There, But for the Grace of God. . .

"The Volkswagen Group is fully functional in every respect, even during these eventful days. How, and when we meet the current challenges is primarily – although not solely – up to us. In order to pass this test, we must make an enormous, common effort – and we are all ready to do so."-- Chairman of the Supervisory Board of Volkswagen AG, Hans Dieter Pötsch, December 10, 2015

The Volkswagen diesel scandal continues on apace.  It has been with us for so long now—the whole issue of diesel engines having “defeat devices,” actually software that modified performance such that it was advantageous for emissions testing and only emissions testing because when the vehicles equipped with the engines were on the road, they were putting out as much as 40 times the NOx that they were supposed to, which certainly isn’t a good thing—that it seems almost like a matter of course.

Volkswagen has rearranged the chairs in its board room such that there are new people in place addressing the matter, which will end up costing the company billions of euros and which has done serious damage to the VW brand. 

As for that last point, a recent Gallup survey found that 41% of Americans are “less likely” to buy a Volkswagen now, while only 29% said the news has “no impact” on their purchasing decision.  However, 28% said they would have never considered buying a Volkswagen in the first place, so the scandal doesn’t have any effect on them.

It is worth knowing that through August of this year—prior to a hint of anything untoward—Volkswagen Group, which includes Audi, Bentley and Lamborghini, had just 3.2% of the U.S. market, according to Autodata.

The Group sold a total 370,547 vehicles.  In the same period, Ford sold 484,800 F-Series light trucks.

The last thing that VW needed was a reason for people not to buy.

The investigations in Wolfsburg have come to the conclusion that one of the drivers for the deployment of the defeat devices in the EA 189 engine was an initiative to really push diesel vehicles in the U.S. market starting in 2005.

“Clean diesel” would be a competitive advantage, they thought.

However, it was determined that the nitrogen oxide requirements in the U.S. were—and are—such that the engines wouldn’t meet the requirements, so the defeat devices were implemented.  Voila! The dirty diesels seemed to be clean.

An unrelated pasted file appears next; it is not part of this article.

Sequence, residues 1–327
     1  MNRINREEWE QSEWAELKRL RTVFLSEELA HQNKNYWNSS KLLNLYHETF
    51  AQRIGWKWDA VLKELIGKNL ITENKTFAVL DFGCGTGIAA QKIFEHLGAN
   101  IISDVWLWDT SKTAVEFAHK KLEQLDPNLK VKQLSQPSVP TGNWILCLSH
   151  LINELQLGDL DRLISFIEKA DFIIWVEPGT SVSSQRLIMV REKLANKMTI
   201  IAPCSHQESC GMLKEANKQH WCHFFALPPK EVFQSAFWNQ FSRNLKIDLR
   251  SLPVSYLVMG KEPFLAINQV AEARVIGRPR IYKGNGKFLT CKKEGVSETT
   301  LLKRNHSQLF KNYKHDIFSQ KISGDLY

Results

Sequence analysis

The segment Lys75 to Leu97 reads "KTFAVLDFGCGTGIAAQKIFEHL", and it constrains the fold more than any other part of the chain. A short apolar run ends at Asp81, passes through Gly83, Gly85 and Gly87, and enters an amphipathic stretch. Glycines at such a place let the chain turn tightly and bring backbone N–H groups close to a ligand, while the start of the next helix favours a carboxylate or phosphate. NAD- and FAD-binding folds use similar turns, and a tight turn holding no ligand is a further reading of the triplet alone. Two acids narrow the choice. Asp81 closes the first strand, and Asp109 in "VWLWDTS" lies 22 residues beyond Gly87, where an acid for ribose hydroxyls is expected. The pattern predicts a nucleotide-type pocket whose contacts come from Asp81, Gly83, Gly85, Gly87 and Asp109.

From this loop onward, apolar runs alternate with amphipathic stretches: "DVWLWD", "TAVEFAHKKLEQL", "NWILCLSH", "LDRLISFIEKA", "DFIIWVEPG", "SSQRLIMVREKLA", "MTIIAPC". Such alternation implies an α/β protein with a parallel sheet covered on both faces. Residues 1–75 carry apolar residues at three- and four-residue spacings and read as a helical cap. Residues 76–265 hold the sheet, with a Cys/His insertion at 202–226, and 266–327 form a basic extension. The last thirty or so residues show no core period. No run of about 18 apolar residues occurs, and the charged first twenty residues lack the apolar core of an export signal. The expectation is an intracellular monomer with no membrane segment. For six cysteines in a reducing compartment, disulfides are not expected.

Pötsch admitted, “No business transaction justifies overstepping legal and ethical bounds.”

This is not just about Volkswagen.  This is about all companies, OEMs and suppliers alike.

The Volkswagen Group Audit that is looking into the matter has found that there were three factors at play in the implementation of the defeat devices:

  • • The misconduct and shortcomings of individual employees
  • • Weaknesses in some processes
  • • A mindset in some areas of the company that tolerated breaches of rules.

And they acknowledge, “It is clear that, in the past, deficiencies in processes have favored misconduct on the part of individuals.”

You need to get that engine shipped: You do what it takes because otherwise you might find yourself in trouble with the boss—possibly out of a job.

Matthias Müller, who has been appointed chairman of the Board of Management, stated, “We can have the best people, and a great organization, but we can do nothing without the right attitude and mentality.”

And that starts at the top for any company and it needs to cascade down through each and every level of management.

If your boss thinks misbehavior is OK as long as it serves his or her interests, it is tough to push back unless there is a high degree of confidence that someone above your boss will have your back.

Müller said, “We don’t need yes-men, but managers and engineers who make good arguments in support of their convictions and projects, who think and act like entrepreneurs.  I am calling for people who are curious, independent, and pioneering.  People who follow their instincts and are not merely guided by the possible consequences of impending failure.”

That last bit bears repeating: “not merely guided by the possible consequences of impending failure.”

Whether or not Volkswagen passes the test that Pötsch mentioned will be played out in time.  But if they are able to instill in their people the characteristics that Müller calls for, chances are good that they’ll be more than slightly successful.

Don’t think for a minute that there is a company that something like this can’t happen at.  The litany of companies that have paid enormous fines and penalties of late is a long and sad one.

This is about corporate culture.  About having a culture where doing the right thing transcends merely doing what the boss wants.  Without that, then the consequences can be profound—and not in a good way.